Q: Do you and your dad pray together?
A: We have through the years. My dad was the first one to talk to me about God. He had relatives who were pastors. A lot of who I am as a person of faith comes from my father’s side of the family. Dad was always clear that hardship is not a sign of being out of line with God. God never promised that we wouldn’t have hard times. He promised that he would be with us through it all. Which to me is perfect. I can go through anything if God is with me.
Q: What gives your dad joy?
A: He loves music. His favorite is doo-wop. I’ve read that music unlocks a certain part of the mind for people with Alzheimer’s. So I play music all the time. I think my dad owns every biopic DVD of Ray Charles, James Brown and The Temptations. He’ll watch those. I’ve found that Alzheimer’s intensifies the person you are. My dad has always been a homebody, pensive, introverted. He never was one to cook a lot, so he never touches the stove. He never tries to leave the house. He just stays in his room, reads his books, watches TV. It’s intensified that pensive, calm, kind side of him. That has been a blessing.
Q: Are there other upsides to your dad’s condition?
A: My dad’s sweet spot in regards to memory is his teens to early twenties, which is when he met, dated and married my mother. My mom moved to be close to us. She’s my rock. She stays with my dad when I’m gone for long periods for work. There’s something about my mom being around that’s wonderful for Dad. If there’s ever a time where he comes alive, it’s when my mom is in the house. I think he sees her as that teenager he met. It’s so sweet to see him around her in his older age.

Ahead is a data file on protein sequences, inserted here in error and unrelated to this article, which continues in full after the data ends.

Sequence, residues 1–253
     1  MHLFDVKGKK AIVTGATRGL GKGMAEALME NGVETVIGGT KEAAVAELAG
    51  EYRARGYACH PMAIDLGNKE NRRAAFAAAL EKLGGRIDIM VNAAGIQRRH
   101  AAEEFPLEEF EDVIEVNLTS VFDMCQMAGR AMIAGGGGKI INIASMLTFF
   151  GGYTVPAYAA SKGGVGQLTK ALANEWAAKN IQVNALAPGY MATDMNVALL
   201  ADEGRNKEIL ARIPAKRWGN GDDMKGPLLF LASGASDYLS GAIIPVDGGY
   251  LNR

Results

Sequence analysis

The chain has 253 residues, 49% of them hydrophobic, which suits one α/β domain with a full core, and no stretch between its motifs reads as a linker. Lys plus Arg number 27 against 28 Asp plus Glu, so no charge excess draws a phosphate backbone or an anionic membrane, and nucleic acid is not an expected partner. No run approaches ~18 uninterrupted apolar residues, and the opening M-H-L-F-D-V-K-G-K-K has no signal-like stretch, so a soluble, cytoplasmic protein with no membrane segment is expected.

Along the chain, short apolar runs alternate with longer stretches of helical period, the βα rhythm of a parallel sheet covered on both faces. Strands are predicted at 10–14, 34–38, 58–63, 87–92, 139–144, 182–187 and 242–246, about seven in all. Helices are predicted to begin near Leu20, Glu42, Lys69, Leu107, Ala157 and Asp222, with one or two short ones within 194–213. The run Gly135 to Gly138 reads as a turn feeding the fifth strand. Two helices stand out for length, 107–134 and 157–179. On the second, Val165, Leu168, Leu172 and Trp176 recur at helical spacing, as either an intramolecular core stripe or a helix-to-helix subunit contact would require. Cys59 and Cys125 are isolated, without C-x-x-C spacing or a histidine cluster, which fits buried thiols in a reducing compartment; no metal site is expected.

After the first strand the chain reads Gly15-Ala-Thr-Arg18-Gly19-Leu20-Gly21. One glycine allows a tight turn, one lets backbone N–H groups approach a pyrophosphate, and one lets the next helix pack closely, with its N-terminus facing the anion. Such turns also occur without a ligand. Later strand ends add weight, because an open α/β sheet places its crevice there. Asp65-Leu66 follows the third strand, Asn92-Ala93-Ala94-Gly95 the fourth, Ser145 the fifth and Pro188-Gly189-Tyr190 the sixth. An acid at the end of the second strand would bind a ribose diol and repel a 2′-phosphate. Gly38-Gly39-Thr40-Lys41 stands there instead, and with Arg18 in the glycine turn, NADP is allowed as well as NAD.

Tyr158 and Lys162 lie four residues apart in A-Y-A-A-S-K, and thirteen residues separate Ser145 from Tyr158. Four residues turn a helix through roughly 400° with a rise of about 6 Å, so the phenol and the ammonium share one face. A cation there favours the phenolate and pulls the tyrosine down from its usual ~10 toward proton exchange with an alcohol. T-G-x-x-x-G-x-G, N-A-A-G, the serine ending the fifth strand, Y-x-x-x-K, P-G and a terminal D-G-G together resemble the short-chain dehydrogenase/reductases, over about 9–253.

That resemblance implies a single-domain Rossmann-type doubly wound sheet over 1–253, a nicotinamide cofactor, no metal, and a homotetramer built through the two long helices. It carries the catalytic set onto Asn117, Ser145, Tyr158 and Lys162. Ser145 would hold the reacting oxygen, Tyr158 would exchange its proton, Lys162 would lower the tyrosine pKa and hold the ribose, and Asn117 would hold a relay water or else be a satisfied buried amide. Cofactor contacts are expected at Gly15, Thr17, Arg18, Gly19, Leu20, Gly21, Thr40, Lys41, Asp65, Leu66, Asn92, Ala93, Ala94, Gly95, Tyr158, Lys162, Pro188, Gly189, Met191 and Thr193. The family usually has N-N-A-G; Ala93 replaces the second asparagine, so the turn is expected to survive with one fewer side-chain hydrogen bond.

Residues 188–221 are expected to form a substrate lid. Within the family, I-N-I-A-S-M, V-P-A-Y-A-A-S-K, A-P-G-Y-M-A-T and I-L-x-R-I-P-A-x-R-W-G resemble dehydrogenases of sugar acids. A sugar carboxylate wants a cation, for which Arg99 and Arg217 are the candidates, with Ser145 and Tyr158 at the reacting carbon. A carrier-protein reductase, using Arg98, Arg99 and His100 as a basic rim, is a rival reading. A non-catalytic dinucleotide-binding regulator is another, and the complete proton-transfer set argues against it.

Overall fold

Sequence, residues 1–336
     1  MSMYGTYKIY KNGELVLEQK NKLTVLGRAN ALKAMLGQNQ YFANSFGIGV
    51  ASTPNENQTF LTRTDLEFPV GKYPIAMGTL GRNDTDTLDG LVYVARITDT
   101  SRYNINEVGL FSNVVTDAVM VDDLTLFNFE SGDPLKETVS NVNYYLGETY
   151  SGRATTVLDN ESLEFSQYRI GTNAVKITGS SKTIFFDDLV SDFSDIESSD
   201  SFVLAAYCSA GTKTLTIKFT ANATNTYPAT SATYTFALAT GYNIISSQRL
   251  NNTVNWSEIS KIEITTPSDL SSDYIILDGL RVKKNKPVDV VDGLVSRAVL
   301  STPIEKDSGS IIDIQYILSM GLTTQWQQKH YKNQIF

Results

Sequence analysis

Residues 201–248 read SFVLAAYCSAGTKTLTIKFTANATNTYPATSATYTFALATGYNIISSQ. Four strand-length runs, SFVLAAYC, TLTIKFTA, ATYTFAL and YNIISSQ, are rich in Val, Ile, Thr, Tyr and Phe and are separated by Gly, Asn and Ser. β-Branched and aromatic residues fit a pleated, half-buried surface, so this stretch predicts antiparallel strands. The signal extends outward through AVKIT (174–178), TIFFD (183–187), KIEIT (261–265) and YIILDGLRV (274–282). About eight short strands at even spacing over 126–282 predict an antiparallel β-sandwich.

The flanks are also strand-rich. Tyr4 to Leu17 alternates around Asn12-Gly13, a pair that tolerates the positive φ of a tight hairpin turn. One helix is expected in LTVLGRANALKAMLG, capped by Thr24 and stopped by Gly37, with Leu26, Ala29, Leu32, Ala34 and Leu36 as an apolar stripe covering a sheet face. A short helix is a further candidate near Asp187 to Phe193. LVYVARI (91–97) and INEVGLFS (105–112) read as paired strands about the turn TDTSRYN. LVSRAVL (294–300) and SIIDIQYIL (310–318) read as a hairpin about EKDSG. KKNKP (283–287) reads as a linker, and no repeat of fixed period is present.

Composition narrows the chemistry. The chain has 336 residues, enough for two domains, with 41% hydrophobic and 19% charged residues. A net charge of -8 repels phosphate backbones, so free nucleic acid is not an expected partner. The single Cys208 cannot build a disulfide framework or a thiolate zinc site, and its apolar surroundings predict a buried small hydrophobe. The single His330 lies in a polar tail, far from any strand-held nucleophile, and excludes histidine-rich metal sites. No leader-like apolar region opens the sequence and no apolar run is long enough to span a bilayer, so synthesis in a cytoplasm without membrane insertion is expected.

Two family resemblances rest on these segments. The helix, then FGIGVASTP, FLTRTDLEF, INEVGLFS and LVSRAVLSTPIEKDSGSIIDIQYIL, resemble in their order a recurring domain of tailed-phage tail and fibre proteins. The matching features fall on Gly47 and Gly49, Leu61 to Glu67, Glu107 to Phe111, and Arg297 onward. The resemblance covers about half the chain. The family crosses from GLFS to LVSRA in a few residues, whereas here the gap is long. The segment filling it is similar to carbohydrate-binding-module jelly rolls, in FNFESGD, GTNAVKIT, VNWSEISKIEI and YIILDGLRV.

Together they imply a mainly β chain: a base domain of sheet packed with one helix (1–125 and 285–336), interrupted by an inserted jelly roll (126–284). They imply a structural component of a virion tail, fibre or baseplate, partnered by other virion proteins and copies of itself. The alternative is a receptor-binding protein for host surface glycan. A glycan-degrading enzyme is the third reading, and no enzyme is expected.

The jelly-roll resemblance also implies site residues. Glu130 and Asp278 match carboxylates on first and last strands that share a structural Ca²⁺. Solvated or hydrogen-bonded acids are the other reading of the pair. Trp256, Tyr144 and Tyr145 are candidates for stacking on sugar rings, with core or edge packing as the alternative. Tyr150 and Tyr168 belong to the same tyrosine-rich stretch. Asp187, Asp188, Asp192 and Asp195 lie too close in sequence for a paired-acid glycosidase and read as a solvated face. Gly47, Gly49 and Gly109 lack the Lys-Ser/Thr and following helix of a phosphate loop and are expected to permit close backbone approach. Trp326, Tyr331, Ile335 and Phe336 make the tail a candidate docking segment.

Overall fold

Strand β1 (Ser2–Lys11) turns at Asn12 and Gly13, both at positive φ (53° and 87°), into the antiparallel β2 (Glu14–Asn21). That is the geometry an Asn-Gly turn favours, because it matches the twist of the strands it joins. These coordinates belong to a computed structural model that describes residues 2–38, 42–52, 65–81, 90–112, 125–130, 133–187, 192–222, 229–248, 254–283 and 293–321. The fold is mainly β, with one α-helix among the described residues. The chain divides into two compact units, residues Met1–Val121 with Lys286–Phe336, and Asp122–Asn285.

Q: The father/daughter relationship is a special one. You certainly have him on your heart.
A: My dad is so much more than his diagnosis. And I want to be respectful of that. He’s funny. He’s handsome. He’s smart. He’s principled. He’s an amazing father. He’s just the best of the best. And none of that has changed. His dementia has worsened in different ways, and we’ve worked through it in different ways, but he’s still all of those great things on any given day.
Q: How has the Alzheimer’s Association helped you?
A: When you have a loved one in this situation, you start searching for some answers—the Alzheimer’s Association is the gold standard. Anytime I’m at the grocery wearing my purple #ENDALZ shirt, I invariably have a great conversation about Alzheimer’s with someone. I’ll give somebody a hug in the produce section because they’re a caregiver and need someone who understands. It’s a very specific journey that we caregivers are on. It takes other people who have fought the fight and are fighting the fight to understand. I hope sharing my story helps others.
Yvette Nicole Brown is a celebrity champion for the Alzheimer’s Association.